That's still the case.
There are a lot of posters here, who see public power as Bad and private power as Good. That's much too simple - both types of power have to be viewed warily and checked. But for my two cents, private power - feudal power - is far more dangerous. (That's the notion behind the wealth tax). With government power, you have the ultimate control of the ballot. If you don't like the rules the NSA plays by, you can vote in a new legislature and change them. You can't do that with Apple, or Google, or the others.
Silly me, but as a member of the public, I'd like to have a voice in these decisions - which I actually can do with the NSA, FBI, and the like. The good thing about the Sanders and Trump candidacies, maybe the only good thing, is that they are reminders of how powerful the public voice can be, when fully aroused. Government mechanisms are always within the control of the public. The problem is that we are often too slothful to care.
So Apple has decided on a business model which guarantees your immunity from process of law, no matter how devastatingly anti-social your use of it might be - this, by the way, on a communications system that is founded on a huge public expenditure. Ah . . . . sorry, Apple, You chose the wrong business model. We are perfectly willing to provide the same protections against eavesdropping and privacy as we provide for mail and telephone conversatons. But communications that cannot be accessed even by lawful court process upon an appropriate showing?
But . . . but . . . if Apple is forced to develop this variation of the IOS, all communications will be vulnerable?
I'll clue you - all communications ARE vulnerable. They always were. They are protected by rule of law and shared social values, nothing more, and that has always been good enough, and then some. No society in history has permitted particular individuals to carve out zones of absolute immunity within its own social matrix - because there ARE Bad Guys, and they are capable of doing real harm to particular individuals and sometimes whole masses of them. So you protect the ordinary course of human interaction from casual intrusion, but you DO want the power to retrieve when the right circumstances arise. Other people have rigths, too.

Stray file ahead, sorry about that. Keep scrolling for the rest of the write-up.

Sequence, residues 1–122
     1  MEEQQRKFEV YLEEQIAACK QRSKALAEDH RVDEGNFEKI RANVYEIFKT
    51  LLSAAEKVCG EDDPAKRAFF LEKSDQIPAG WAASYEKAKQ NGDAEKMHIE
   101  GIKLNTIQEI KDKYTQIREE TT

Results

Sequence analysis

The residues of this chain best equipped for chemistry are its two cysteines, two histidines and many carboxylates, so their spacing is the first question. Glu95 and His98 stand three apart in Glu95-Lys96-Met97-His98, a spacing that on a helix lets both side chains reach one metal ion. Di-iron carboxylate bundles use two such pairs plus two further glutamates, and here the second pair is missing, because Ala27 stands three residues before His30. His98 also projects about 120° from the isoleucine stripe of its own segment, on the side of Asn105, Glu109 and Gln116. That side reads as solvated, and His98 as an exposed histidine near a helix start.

Charlie Sloan notoriously said that what was good for GM was good for the nation. It wasn't true - and it is no more true of Apple than it was of GM.
(3) The future? Apple is taking a giant step toward classification as public utility. It was the overreaching of the railroads that led to the creation of the ICC and similar commissions. Iphones are being used on common carriers - the day will not be long in coming when access to content with judicial process is required before you can register them.
(4) There is also the interesting question of civil liability. Normally, I have no use for the tort bar of this nation. But if some act of horrific mass violence occurs, preventable if not for this encryption, it will be my pleasure to watch the vermin pick the corpse of Apple clean. The litigators might actually accomplish something, instead of reading FDA reports for predictable side effects of useful drugs.
And if you want to avoid all the palaver above, it boils down to (a) the contents of internet communications and storage are protected already by a vigorously enforced statutory template, (b) concerns for privacy are absurdly overstated, and (c) the notion that Apple has the right to provide its customers with mechanisms to defeat duly issued judicial process is dangerous and frightening.